Blood tests are done on animals for a variety of reasons. Screening tests, such as a complete blood count (CBC), may be done on clinically normal animals when they are acquired to avoid a financial and/or emotional commitment to a diseased animal, to examine geriatric patients for subclinical disease, or to identify a condition that might make an animal an anesthetic or surgical risk. Screening tests are often done when an ill animal is first examined, especially if systemic signs of illness are present and a specific diagnosis is not apparent from the history and physical examination.

Decisions to request hematology tests in animals are largely based on the cost of the test versus the potential benefit of the result to the animal. A CBC is routinely done to establish a database for patient evaluation, while other hematology tests may be done in an attempt to evaluate a specific problem.

They're sometimes given as a pill, and that they facilitate keep blood clots from breaking down. These medicines most frequently are used before dental work or to treat bleeding from the mouth or nose or gentle intestinal bleeding. Some semisynthetic hormones are accustomed treat people that have gentle hemophilia A.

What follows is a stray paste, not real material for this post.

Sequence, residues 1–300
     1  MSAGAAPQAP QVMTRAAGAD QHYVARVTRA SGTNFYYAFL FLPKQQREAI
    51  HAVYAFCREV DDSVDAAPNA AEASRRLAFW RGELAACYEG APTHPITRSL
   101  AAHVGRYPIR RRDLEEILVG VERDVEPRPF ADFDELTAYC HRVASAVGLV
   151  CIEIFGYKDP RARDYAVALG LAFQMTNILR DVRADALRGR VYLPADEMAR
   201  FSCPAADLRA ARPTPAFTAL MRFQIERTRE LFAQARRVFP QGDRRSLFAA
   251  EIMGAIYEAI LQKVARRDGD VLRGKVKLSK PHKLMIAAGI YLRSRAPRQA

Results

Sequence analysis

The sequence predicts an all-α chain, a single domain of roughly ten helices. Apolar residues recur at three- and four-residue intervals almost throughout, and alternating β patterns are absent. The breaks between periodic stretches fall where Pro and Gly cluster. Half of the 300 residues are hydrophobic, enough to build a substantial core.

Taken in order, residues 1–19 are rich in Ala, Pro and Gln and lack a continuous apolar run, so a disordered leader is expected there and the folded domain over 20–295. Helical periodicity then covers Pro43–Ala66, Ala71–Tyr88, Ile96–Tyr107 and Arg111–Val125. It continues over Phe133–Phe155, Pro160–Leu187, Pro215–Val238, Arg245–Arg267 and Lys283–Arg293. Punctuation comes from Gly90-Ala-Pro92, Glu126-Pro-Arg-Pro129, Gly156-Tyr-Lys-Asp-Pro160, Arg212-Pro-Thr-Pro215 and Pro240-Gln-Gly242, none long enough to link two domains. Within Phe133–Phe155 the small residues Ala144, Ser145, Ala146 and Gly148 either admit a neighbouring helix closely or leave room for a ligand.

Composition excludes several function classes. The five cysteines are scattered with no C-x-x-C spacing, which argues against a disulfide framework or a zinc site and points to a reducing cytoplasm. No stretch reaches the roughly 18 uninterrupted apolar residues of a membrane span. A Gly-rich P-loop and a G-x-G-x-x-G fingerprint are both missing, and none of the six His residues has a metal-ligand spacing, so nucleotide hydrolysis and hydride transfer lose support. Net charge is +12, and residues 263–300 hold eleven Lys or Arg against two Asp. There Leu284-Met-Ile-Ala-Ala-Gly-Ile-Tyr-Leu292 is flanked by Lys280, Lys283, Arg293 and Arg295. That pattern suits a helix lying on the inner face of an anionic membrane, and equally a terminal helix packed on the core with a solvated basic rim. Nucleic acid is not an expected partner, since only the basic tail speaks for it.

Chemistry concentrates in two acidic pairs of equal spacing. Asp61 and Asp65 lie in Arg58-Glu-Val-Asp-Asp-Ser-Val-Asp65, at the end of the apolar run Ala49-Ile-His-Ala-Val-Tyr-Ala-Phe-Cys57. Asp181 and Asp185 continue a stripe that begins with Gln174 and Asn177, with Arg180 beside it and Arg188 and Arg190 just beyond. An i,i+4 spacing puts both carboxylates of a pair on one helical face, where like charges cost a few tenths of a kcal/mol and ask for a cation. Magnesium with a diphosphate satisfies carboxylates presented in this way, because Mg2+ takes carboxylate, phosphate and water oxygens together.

Currently pharmaceutical firms are involved in the main specializing in Recombinant, genetically engineered pharmaceuticals which may be smart alternative for treatment. If you have got a gentle form of hemophilia, a medicine referred to as desmopressin acetate (DDAVP) will briefly increase the concentration of factor VIII in your blood. DDAVP may be given intravenously, through an injection, or within the type of nasal spray. Antifibrinolytic medicines like tranexamic acid and epsilon aminocaproic acid are that are typically used with replacement therapy to assist keep blood clots from breaking down.

Stem cell therapy is the treatment where stem cells are used to prevent a disease or condition. Hematopoietic stem cells are usually derived from bone marrow, or peripheral blood. Bone marrow transplantation is widely used stem cell therapy. It may be autologous, allogeneic or syngeneic.

Applications of Stem Cell Therapy:

Brain and spinal cord injury

Neurodegeneration

Blood cell formation

Pancreatic beta cells

Orthopedics

Wound healing

Infertility

A scientific examination of a sample of blood, generally advised by the physician for the diagnosis of illness, for the detection and measurement of drugs, assess your general state of health, to assess the functioning of the certain organs such as liver and kidneys.